Outside Charlottesville one night, you let go
of the wheel, rolled the car and slammed
upside down into a roadside ditch. The metal gave
like muscle gives,
like cell walls collapsing.
You hung strapped in, lids fluttering, and tried
to crawl up the sleepthroat
of your life. You climbed backward
past packing your dead parents' house,
to see yourself take up painting again,
and us, your two grown children, shrunk to babies,
ferried back to hospitals.
You watched your wife get slimmer and climb,
once and for all, out of your convertible.
All the days unmade themselves,
narrowed to a point, then burrowed to the underlife
you sprang from. You were just digging in
when they sawed you out. With pincers they pried
your neck off the ceiling,
and the "jaws of life" swallowed you back
into your house of cut, contusion,
bruise, house of parts. House
of ribcage cracked, the concussed skull
that hauled you through the next
spooked year, house stormed with her voice.
House in which you soured in the basement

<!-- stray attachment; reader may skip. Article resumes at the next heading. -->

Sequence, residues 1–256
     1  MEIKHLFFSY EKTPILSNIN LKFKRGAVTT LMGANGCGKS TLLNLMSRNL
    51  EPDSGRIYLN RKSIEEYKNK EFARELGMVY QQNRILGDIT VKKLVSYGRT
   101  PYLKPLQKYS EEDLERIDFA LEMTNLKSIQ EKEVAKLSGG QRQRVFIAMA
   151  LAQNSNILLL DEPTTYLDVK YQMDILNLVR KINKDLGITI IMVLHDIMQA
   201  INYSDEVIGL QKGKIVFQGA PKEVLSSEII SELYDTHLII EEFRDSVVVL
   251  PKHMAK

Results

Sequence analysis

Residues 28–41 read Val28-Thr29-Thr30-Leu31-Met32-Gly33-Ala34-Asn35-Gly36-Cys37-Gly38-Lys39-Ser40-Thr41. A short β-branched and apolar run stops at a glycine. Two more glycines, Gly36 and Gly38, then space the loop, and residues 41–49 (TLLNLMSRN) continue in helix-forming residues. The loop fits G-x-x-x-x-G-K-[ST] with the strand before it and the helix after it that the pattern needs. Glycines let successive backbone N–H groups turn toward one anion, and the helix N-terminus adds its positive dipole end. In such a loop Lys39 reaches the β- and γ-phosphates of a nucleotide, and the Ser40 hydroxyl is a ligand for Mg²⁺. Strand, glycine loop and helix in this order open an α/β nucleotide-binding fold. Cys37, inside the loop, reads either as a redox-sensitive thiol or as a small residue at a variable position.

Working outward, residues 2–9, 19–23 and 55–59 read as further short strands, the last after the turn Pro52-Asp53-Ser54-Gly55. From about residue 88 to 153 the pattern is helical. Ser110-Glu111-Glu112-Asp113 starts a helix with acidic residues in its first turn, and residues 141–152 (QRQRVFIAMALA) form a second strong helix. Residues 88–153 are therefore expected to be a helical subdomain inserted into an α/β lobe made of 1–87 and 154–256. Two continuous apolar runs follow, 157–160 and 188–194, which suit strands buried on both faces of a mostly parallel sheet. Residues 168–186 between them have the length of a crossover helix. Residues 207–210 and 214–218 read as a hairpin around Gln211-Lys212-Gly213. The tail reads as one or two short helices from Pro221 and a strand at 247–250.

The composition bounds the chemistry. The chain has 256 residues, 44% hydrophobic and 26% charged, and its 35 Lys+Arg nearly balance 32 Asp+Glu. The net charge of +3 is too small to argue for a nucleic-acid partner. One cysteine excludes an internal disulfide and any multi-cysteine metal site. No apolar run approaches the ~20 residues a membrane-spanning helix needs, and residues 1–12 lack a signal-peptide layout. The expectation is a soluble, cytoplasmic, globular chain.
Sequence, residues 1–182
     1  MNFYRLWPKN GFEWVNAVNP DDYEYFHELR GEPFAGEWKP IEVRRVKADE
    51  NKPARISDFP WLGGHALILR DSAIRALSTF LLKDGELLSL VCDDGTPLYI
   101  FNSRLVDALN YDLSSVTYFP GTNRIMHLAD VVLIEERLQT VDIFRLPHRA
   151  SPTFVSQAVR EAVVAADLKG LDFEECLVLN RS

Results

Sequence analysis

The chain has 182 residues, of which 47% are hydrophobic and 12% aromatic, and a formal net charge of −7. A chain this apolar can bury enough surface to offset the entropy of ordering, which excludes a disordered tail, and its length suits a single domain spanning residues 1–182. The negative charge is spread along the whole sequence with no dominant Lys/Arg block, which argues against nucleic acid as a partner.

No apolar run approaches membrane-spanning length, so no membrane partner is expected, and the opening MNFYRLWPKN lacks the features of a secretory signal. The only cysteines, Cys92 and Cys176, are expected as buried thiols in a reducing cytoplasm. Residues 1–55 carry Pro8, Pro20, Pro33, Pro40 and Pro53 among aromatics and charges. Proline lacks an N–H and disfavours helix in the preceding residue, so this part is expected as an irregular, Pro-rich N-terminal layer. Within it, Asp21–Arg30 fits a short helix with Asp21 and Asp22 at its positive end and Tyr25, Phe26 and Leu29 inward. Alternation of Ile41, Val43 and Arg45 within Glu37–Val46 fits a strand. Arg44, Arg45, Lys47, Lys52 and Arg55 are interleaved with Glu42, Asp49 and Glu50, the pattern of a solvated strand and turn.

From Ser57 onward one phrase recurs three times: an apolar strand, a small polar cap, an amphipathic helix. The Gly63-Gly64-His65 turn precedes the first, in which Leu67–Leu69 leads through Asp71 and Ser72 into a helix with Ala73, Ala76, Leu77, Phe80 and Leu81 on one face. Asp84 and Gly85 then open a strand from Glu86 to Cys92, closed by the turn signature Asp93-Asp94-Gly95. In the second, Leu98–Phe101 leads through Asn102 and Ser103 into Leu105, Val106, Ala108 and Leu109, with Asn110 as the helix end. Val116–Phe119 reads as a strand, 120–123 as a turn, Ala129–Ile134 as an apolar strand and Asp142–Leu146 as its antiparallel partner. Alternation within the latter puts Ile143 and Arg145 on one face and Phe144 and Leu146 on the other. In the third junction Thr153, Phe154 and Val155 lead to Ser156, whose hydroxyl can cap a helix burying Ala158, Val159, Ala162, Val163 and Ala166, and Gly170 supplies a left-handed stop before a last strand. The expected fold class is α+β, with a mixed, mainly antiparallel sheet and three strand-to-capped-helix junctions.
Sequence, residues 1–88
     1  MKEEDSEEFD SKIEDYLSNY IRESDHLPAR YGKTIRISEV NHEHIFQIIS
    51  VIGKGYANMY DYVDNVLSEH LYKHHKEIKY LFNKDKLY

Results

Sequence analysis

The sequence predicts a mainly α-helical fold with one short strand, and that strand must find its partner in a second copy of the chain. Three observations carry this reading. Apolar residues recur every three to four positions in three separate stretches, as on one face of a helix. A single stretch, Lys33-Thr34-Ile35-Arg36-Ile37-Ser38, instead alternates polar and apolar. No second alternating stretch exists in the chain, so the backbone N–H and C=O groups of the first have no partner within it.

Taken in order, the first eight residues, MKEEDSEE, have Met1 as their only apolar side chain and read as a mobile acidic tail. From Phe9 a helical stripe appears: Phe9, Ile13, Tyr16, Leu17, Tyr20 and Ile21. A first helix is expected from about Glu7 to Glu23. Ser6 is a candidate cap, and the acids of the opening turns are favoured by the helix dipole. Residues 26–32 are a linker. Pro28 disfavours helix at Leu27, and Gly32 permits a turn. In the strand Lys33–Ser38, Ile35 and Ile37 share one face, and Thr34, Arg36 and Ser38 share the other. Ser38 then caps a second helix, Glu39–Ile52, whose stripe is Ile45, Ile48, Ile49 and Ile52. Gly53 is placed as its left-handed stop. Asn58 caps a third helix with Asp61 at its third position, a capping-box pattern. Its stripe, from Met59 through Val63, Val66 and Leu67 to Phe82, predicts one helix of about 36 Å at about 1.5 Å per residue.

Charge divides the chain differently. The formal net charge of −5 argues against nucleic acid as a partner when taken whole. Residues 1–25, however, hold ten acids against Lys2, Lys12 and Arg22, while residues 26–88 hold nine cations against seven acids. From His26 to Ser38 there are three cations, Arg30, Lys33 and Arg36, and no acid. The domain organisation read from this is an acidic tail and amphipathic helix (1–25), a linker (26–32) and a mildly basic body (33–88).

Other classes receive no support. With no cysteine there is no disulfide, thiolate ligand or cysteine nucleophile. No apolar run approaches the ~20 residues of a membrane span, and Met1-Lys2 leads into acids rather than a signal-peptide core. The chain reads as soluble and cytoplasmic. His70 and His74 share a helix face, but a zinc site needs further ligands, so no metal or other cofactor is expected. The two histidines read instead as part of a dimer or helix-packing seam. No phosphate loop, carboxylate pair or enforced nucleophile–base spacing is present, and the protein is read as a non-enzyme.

with your books, and the television glowered,
mute like a face. House of clutching,
thrashing love, barbed
tongues, clumsy gift. House, once,
of chopping blocks and bottles, a rolling
pin razing rows of tumblers, wooden spoons
splitting on small palms held out
like stunted rubbery wings, feathered welt
rising on a wrist from a belt buckle's tooth.
That was the house where I saw you,
a year after the accident, a little drunk,
cock your left leg, twist, cup your hand
behind your ear, and pitch a phantom fastball.
For a moment you stood looking over your shoulder,
fleet as a vandal whose rock's just
broken out a darkened church front.
Through what panes--into what deserted places
_____smoky with the uncascading of days--
through what murk of choices made
and not made did you hurl it?